Scary Barbie is so hot right now. In a matter of weeks, two papers by two independent groups have been published defining AT2021lwx, also known as ZTF20abrbeie. Probably more famous for its nickname "Scary Barbie", it's the largest cosmic explosion ever detected.
A study published last week suggested it was a star being ripped apart by a supermassive black hole, a phenomenon known as a tidal disruption event. Barbie is three times brighter than the brightest tidal disruption event ever recorded. This second paper argues that the supermassive black hole is not shredding and eating a star of about 15 times the mass of the Sun, but rather it is eating a more massive gas cloud, around 1,000 times heavier than our Sun.
“At first, we thought this flare-up could be the result of a black hole consuming a passing star. But our models showed that the black hole would have to have swallowed up 15 times the mass of our Sun to stay this bright for this long,” Dr Matt Nicholl from Queen University Belfast, said in a statement sent to IFLScience.
“Encountering such a huge star is very rare, so we think a much larger cloud of gas is more likely. Many massive black holes are surrounded by gas and dust and we are still trying to work out why this particular black hole started feeding so vigorously and so suddenly.”
The peculiarity of Barbie is not just about the energy emitted from the event, but also its duration. Supernovae or tidal disruption events are only visible for a few months but don’t usually get this bright. This event has lasted for three years. Even transient events that can get this bright, like the recent brightest gamma-ray burst GRB 221009A (which is actually brighter), last for a few minutes not years.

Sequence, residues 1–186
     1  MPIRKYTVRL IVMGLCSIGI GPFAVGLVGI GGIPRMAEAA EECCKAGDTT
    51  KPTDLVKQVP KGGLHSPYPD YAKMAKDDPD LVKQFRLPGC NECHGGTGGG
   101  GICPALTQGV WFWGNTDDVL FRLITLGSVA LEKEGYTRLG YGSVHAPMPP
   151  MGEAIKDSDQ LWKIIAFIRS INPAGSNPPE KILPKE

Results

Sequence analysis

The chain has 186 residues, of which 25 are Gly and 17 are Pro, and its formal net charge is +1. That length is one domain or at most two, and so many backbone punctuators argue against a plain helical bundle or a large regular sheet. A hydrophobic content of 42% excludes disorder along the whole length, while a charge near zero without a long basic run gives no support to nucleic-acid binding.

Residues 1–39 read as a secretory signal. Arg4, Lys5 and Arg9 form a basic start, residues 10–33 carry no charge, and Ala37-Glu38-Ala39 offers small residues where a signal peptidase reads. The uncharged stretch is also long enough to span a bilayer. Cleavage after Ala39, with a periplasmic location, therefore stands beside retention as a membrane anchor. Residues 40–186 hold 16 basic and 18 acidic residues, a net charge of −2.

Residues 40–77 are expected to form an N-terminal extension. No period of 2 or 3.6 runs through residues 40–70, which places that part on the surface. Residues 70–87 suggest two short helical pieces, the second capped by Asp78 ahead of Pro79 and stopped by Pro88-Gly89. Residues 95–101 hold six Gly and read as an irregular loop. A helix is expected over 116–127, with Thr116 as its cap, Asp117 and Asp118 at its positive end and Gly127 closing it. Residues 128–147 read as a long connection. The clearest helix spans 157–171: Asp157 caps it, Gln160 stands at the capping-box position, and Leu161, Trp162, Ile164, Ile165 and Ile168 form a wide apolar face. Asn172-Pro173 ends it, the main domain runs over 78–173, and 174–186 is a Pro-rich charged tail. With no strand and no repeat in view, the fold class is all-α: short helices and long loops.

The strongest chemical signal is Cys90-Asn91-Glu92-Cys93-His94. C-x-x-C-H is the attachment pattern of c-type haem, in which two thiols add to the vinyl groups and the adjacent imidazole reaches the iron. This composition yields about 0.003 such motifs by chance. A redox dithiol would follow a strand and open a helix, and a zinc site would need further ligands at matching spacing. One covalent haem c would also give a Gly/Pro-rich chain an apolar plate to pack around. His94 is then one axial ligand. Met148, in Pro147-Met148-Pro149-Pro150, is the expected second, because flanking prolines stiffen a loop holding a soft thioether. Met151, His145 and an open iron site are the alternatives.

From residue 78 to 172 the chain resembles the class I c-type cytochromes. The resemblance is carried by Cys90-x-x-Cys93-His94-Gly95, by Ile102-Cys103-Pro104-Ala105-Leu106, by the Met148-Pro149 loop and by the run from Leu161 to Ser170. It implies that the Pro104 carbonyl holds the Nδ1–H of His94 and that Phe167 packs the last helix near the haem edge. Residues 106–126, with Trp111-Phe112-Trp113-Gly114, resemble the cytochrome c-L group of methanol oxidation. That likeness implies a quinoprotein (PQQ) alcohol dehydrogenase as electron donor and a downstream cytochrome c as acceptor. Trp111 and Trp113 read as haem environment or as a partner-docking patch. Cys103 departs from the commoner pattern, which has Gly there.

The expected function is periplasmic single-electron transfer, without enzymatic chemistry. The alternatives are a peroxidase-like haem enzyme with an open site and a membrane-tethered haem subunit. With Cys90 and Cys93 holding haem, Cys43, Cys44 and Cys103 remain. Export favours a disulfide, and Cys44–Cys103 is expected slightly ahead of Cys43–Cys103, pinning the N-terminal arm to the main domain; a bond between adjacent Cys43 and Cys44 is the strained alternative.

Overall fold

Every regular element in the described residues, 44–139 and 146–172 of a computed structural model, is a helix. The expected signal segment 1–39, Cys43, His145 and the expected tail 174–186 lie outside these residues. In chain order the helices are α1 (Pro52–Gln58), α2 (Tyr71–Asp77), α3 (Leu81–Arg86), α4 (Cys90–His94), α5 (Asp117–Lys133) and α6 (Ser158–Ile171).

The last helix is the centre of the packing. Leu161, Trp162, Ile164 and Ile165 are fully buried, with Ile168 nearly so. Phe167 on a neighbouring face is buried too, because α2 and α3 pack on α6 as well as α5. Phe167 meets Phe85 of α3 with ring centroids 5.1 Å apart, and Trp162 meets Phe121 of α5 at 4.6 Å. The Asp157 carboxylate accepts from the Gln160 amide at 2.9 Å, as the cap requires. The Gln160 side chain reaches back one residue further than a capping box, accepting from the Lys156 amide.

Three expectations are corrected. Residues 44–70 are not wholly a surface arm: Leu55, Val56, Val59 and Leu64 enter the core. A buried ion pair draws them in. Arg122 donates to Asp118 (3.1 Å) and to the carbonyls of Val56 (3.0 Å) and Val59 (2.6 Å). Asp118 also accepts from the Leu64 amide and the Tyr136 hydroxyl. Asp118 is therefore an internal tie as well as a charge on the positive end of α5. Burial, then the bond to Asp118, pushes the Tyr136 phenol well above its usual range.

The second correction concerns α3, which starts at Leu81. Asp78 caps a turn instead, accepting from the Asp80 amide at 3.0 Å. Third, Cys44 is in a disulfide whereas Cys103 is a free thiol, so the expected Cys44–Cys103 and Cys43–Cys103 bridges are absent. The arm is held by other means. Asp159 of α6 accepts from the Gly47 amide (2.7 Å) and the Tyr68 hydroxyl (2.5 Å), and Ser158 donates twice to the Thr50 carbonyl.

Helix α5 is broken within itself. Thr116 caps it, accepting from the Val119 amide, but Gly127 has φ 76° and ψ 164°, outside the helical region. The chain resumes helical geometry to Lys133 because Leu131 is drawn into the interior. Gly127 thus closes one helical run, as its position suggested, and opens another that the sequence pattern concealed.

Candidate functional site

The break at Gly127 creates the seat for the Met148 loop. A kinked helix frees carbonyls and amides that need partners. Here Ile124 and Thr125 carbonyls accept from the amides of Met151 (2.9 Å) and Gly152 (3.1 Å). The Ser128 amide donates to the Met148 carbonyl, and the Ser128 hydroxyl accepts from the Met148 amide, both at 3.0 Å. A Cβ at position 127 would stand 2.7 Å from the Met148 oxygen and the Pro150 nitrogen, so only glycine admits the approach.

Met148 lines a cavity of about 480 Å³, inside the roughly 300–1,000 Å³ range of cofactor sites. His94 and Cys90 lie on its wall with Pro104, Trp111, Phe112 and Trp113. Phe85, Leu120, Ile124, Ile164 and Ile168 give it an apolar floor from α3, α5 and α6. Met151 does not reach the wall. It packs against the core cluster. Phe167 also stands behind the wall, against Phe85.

The only equivalent objects are quasars, the state of a supermassive black hole in a feeding frenzy with a constant flow of gas to be snacking on. They are the brightest objects in the universe
“With a quasar, we see the brightness flickering up and down over time. But looking back over a decade there was no detection of AT2021lwx, then suddenly it appears with the brightness of the brightest things in the universe, which is unprecedented,” Professor Mark Sullivan of the University of Southampton, another co-author of the paper, explained.
Maybe Barbie was the beginning of a quasar phase? Scary Barbie continues to shine and be observed, so we can expect a lot more studies to come out trying to explain this extreme cosmic event.
The study is published in the Monthly Notices of the Royal Astronomical Society.